Today in Denmark: A roundup of the news on Thursday

Danish government wants to make Ukrainian refugee “start date” more flexible 

As the law currently stands, Ukrainians who happened to have left their home country — perhaps for vacation or business — just before war broke out could have trouble gaining residence in Denmark. 

The Danish government have announced plans to change the ‘cut-off date’ for when people must have left Ukraine to be considered war refugees from February 24th to February 1st. 

Parliament will consider the amendment to the current “Ukrainian law,” which grants two years’ residence to refugees who meet certain stipulations, including when they fled the country. 

READ ALSO: Denmark plans ‘Ukraine towns’ to accommodate war refugees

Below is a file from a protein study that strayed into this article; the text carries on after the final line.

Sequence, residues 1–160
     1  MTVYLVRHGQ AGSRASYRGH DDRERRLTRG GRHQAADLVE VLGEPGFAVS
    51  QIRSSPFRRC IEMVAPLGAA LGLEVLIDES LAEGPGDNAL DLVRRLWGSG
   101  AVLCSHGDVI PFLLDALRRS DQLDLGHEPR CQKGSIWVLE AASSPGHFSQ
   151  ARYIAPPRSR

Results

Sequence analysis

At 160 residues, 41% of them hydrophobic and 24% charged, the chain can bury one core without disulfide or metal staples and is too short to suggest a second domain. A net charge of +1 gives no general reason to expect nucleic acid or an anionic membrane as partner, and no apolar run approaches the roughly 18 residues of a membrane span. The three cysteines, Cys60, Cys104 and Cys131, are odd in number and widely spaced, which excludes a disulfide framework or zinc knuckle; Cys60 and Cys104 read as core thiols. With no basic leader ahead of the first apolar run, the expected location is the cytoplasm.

Without widespread testing, how will Denmark predict next Covid wave? 

With Denmark’s once-wide network of public Covid test sites nearly gone, the State Serum Institute — Denmark’s infectious disease agency — is piloting a new program that it hopes will detect upticks in infections.

Ten thousand blood donors and the members of their households will be randomly chosen to participate in the “PCR Home Test Study,” the SSI says. Those who agree to participate will receive test kits from the government and will be asked to self-test once a week for a month, registering each sample in TestCenter Denmark’s app and sending it to the SSI for processing. 

If a new wave is detected, the SSI will consider recommending boosters for groups at high risk, director Henrik Ullum told Danish newswire Ritzau. 

If the program is successful, it could be deployed to monitor other respiratory viruses, such as the flu, Ullum added.